„Players have to learn to play – they do not necessarily need to know a lot.“ (E. J. Hossner)
„The research on teaching games ist exciting and demonstrates the willingness to move the discussion of which ist the best way to teach beyond an ‚I believe“ stage.“ (Fink, French & Tjeerdsma, 1996)
Mark O’Sullivan, talking about non-linear pedagogy in coaches conferences in soccer in Sweden and practicing in his swedish club, was confrontated with an academy club presentation presenting its methodology as deliberate practice and explicit instructions using a research from Canada in mathematics (class room) on the short coming of discovery learning as scientific proof to why guided discovery should not be used in football training.
Marks question was: should research that has been done in one learning domain like the classroom be used as proof to explain learning in another domain such as football training (dynamic environment)? There was a very interesting discussion about this.
There is no doubt, that there are a lot of studies about the advantages of implicit learning in sport. Implicit or explicit learning weiterlesen
Der Artikel aus TennisSport 4/2018 über non-lineare Pädagogik und implizites Lernen am Beispiel des Aufschlags im Tennis. Viel Spaß beim Lesen und Umsetzen.
Prof Wolfgang Schoellhorn has published about new methods in motor learning in sports research. His studies about differential learning form one of the most important fundamentals in our learning and coaching approach.
We transform this theory in games and drills for tennis. In the book „Motor learning in practice – a constraints led approach“ published by Jan Renshaw, Keith Davids and others, Schoellhorn describes in the article „Stochastic perturbations in athletics field events enhance skill acquisation“ of 2010 why differential learning improves processes in comparison to traditional methods significantly.
But read here: Stochastic perturbations in athletic field events
The „external focus“ is essential in a modern and evidence-based skill learning. There are many posts in this blog about this subject.
This morning I was sitting at the breakfast in a hotel in Leipzig. I listened to the instructions of a mother to her perhaps eight years old son. He carried an up to the edge filled glass of orange juice from the breakfast bar to his seat. Trying not to spill the juice, he went always more slowly.
His mothers advice was: „Watch the glass“. What happened was, that hand and glass were wobbling more and more. This was something I remembered from a short phase of working in a restaurant (a long time ago 😉 )and bringing full trays to the guests.
Focused on my body, on my hand, my arms and the full tray (internal focus) I made it wobble more and more. What I learned from this was, that it is better to choose an „external focus“ like the next table or a picture at the wall. This worked not always, but significantly more often.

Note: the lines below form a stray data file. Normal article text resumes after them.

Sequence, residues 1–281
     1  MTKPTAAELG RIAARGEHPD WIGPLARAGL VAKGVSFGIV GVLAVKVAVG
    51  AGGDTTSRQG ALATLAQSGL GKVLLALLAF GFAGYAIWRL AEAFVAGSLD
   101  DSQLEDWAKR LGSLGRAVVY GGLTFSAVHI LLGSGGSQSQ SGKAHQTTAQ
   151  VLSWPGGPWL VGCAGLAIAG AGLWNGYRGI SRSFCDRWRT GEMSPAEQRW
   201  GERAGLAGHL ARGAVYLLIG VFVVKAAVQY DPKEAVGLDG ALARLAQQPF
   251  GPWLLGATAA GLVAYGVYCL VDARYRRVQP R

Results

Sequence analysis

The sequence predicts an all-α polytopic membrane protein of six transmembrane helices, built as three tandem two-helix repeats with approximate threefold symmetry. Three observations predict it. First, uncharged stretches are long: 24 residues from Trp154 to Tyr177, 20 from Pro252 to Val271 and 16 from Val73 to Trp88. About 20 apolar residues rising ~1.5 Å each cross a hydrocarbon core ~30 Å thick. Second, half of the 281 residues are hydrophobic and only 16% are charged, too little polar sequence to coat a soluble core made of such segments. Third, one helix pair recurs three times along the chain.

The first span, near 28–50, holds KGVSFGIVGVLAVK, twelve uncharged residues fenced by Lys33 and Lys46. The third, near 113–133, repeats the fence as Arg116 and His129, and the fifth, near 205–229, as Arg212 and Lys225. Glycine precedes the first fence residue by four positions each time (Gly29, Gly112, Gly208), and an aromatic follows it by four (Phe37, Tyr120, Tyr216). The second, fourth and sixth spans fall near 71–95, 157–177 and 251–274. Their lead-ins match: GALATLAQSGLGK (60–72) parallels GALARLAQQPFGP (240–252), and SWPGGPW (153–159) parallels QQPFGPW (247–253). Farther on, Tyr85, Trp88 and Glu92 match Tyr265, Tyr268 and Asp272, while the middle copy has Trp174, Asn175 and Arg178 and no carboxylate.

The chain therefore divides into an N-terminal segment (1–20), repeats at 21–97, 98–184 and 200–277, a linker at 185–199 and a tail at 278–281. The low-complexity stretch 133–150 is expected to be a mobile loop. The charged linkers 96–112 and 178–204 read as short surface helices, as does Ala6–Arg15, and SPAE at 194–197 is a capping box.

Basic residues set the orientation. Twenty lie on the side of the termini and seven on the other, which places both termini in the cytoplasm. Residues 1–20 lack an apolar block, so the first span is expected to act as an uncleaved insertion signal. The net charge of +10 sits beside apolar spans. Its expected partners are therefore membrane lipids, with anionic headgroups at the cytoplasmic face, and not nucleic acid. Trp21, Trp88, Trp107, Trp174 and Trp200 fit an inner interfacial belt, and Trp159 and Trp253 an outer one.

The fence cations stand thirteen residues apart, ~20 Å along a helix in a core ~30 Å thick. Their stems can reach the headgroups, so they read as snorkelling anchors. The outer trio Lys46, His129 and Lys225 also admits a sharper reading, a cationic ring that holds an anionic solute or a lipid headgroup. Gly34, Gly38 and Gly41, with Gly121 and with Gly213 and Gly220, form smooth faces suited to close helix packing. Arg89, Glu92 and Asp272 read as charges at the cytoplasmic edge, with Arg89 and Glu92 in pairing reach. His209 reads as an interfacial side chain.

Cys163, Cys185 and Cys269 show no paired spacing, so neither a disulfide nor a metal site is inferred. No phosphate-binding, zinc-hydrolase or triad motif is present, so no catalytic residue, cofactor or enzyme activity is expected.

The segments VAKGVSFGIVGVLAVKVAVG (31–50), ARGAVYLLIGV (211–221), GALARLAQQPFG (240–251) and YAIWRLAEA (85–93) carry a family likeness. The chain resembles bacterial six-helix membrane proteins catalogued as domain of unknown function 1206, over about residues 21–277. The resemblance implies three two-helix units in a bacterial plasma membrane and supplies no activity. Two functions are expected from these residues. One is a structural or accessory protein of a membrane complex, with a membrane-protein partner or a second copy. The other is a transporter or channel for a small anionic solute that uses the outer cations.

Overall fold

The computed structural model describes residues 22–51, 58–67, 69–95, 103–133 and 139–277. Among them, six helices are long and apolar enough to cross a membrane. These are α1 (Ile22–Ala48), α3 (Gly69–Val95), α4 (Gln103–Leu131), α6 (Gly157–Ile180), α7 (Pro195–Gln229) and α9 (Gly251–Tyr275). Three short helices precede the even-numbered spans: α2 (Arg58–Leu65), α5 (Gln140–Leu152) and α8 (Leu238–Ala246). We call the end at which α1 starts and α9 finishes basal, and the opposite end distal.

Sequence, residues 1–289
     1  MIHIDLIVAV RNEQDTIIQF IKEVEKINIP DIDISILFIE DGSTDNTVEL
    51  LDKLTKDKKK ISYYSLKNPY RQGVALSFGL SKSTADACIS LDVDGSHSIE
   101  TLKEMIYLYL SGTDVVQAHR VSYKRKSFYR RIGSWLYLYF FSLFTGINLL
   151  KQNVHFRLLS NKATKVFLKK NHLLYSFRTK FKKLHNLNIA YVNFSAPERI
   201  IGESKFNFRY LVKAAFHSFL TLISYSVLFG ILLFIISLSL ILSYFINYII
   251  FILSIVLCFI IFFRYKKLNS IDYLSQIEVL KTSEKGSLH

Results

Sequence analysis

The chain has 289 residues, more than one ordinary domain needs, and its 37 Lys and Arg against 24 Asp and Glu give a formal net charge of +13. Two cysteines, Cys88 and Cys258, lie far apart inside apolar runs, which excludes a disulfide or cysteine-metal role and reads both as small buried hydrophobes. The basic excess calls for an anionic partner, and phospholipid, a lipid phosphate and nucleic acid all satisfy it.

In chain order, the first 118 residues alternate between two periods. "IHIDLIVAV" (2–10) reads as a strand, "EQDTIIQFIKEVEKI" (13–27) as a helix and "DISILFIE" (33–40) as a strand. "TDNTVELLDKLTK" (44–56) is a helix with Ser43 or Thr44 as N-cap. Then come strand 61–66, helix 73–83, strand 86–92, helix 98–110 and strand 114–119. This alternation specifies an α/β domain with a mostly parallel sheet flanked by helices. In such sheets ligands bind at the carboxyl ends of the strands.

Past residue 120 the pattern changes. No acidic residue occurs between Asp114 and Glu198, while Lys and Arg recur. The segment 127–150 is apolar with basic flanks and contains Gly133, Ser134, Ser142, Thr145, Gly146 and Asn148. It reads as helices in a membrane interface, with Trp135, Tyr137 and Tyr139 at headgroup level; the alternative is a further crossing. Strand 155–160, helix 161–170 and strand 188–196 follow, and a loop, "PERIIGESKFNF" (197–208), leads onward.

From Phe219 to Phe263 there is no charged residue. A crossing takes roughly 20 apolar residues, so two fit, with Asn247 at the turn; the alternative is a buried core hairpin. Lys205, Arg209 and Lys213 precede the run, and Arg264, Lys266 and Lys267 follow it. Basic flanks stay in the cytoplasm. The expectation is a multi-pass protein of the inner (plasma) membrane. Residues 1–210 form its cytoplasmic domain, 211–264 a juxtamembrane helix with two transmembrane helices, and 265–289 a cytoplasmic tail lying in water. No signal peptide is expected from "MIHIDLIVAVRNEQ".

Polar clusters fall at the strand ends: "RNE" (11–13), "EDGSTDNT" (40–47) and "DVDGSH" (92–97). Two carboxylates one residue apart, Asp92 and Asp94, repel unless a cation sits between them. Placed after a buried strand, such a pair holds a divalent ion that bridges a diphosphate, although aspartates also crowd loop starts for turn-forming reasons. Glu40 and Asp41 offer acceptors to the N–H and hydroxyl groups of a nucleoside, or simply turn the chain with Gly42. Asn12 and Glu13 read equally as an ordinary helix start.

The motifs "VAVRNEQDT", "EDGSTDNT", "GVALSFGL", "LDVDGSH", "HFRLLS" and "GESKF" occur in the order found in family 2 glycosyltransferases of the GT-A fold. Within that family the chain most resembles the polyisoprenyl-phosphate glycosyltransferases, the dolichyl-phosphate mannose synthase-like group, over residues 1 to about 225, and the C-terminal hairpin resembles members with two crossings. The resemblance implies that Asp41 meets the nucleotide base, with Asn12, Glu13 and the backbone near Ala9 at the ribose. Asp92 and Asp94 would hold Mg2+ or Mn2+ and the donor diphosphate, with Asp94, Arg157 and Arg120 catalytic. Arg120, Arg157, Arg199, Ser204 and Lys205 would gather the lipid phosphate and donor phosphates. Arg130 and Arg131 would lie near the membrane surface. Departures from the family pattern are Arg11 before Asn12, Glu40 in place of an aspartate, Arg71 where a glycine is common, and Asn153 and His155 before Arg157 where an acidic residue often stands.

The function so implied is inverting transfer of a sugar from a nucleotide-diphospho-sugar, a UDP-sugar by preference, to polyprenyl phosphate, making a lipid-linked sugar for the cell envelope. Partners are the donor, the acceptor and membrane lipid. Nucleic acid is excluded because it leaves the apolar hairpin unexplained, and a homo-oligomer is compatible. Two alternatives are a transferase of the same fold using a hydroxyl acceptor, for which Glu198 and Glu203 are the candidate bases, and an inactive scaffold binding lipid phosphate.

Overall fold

Years later, in my research for coaching sports skills, and after reading Gabriele Wulfs studies about the external focus I understood.
So experience meets theory and theory meets practice.
A study about the importance of the fun factor in youth soccer found several „fun“-ideas that young players, parents and coaches found important. The authors describe FUN MAPS that provide pictorial evidence-based blueprints for the fun integration theory (FIT), which is a multi-theoretical, multidimensional, and stakeholder derived framework that can be used to maximize fun for children and adolescents in order to promote and sustain an active and healthy lifestyle through sport.
Here the ranking for fun factors in positive coaching:
Children cite ‘fun’ as the primary reason for participation in organized sport and its absence as the number one reason for youth sport attrition. Therefore, the purpose of this study was to develop a theoretical framework of fun using a novel mixed-method assessment of participants in sport (FUN MAPS) via concept mapping.
The questions from (insecure) participants in my lectures and practical demonstrations often went in the direction: „How do I mediate/teach the right technique, if I only work implicitly as coach?“.
These questions made it clear that a non-linear and implicit understanding of teaching and learning is a completely different point of view for the coach (see chart). In contrast to the traditional methodology, in which the view of the coach is directed towards the development of the „right technique“, the coach in a non-linear setting trusts in the ability of the biological system „human being“ to self-directed development of situation-adapted (technical) solutions.
So this is a radical paradigm shift! Observers view weiterlesen